During the night all was quiet and our brigade fell back to the last line of fortifications which, extending almost around the town, had been built in the last few days. Here we lay in line of battle all night. The rebels commenced to throw shells into town this morning at daylight. I was still on guard with the teams and we had to get out of that place in double quick. The rebels threw some ten or twelve shells before our battery in Fort Robinet could get the range of them, but when they did, they opened on them some sixty-four-pounders and soon put the rebel's battery out of commission. I was relieved and went to join the regiment, which had been advanced to support a battery. About 10 o'clock the rebels made a charge upon Fort Robinet, to our right, and tried to break our lines at that point but failed. This charge was made by a Texas cavalry, dismounted; they came clear over into the fort, driving some of our artillerymen from their guns, but they were soon overpowered, some being killed and some taken prisoner. The colonel of the regiment planted their flag on our fort, but he was almost immediately killed. The rebels' dead just outside of the fort lay three or four deep and the blood ran in streams down the trenches. The rebels finally withdrew about 4 p. m., leaving their dead and wounded. The Iowa Brigade was placed to the left of Fort Robinet, in support of a battery, but did not become engaged during the day. Some of our forces started after the fleeing rebels. We received orders to be ready to march in the morning, and have to lie in line of battle all night.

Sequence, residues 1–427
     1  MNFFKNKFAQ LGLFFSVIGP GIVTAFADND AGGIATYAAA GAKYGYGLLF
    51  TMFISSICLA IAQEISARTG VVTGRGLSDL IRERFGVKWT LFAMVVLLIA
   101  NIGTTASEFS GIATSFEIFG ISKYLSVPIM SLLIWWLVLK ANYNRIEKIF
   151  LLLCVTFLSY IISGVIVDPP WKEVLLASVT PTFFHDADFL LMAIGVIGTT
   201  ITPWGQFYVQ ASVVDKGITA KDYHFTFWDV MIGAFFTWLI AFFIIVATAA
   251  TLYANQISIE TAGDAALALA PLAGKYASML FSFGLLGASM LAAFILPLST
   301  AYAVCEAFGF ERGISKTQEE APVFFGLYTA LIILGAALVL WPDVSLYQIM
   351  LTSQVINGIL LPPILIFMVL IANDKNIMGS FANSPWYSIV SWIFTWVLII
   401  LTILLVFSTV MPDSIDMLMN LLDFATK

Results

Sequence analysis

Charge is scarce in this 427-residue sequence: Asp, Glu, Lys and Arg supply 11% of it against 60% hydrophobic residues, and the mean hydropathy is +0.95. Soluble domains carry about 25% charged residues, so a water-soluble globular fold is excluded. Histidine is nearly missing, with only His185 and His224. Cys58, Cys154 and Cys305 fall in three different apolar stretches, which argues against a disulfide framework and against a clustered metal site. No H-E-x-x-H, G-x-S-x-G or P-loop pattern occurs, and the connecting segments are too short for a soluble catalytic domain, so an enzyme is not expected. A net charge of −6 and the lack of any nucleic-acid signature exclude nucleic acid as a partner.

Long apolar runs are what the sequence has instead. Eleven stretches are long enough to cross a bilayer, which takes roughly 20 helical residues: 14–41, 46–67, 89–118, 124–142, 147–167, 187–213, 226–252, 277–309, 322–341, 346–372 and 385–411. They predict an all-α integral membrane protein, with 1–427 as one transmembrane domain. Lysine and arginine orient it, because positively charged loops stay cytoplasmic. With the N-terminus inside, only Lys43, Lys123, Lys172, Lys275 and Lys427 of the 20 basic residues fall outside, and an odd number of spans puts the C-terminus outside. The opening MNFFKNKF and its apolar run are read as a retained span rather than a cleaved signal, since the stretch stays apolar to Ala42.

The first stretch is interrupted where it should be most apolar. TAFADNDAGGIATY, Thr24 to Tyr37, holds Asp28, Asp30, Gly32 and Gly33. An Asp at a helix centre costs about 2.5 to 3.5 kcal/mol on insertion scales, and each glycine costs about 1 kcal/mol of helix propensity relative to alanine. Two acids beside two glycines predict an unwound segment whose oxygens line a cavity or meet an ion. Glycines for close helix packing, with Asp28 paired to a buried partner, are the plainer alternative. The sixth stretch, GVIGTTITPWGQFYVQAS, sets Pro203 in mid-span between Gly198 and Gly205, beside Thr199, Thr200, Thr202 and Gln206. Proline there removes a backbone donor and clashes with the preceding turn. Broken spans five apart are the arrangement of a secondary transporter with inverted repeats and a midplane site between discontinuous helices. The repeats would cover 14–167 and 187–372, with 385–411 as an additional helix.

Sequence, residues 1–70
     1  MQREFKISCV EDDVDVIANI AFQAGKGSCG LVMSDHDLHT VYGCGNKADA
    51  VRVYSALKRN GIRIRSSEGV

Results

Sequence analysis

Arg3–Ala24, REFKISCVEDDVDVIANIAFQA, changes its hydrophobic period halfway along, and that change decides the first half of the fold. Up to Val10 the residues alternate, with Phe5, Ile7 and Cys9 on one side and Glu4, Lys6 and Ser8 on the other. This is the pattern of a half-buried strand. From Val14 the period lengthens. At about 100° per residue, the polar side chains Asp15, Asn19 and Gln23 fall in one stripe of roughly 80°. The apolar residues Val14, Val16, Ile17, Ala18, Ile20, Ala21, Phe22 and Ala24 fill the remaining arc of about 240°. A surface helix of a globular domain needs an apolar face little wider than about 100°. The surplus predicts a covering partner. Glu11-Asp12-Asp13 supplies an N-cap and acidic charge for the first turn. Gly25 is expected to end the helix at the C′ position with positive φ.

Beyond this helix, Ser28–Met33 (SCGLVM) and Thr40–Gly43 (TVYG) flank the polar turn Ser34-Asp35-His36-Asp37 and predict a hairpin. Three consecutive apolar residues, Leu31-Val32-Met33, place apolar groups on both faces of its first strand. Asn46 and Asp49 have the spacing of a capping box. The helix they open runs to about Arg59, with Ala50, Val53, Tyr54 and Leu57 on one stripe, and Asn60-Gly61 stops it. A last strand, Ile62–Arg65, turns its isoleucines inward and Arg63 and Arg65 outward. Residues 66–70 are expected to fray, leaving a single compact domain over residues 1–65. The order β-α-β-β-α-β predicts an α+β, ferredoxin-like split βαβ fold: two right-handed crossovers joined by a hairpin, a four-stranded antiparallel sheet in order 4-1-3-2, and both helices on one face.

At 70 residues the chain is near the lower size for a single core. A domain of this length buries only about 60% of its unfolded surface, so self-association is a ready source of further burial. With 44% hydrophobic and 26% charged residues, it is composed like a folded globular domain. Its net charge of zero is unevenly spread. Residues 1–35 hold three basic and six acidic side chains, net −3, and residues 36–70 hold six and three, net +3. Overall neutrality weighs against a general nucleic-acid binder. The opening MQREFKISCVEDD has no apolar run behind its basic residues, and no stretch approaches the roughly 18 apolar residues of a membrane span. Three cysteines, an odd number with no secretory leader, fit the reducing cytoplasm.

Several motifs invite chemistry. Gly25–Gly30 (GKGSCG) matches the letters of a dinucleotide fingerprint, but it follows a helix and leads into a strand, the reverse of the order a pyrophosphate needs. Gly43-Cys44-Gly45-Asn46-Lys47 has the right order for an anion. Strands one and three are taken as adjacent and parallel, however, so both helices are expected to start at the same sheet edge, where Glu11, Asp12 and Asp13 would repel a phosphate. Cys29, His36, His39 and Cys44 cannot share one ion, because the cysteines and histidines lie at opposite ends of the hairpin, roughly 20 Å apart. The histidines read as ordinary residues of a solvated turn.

Source: Alexander G. Downing, Edited by Olynthus B., Clark, Downing’s Civil War Diary, p. 73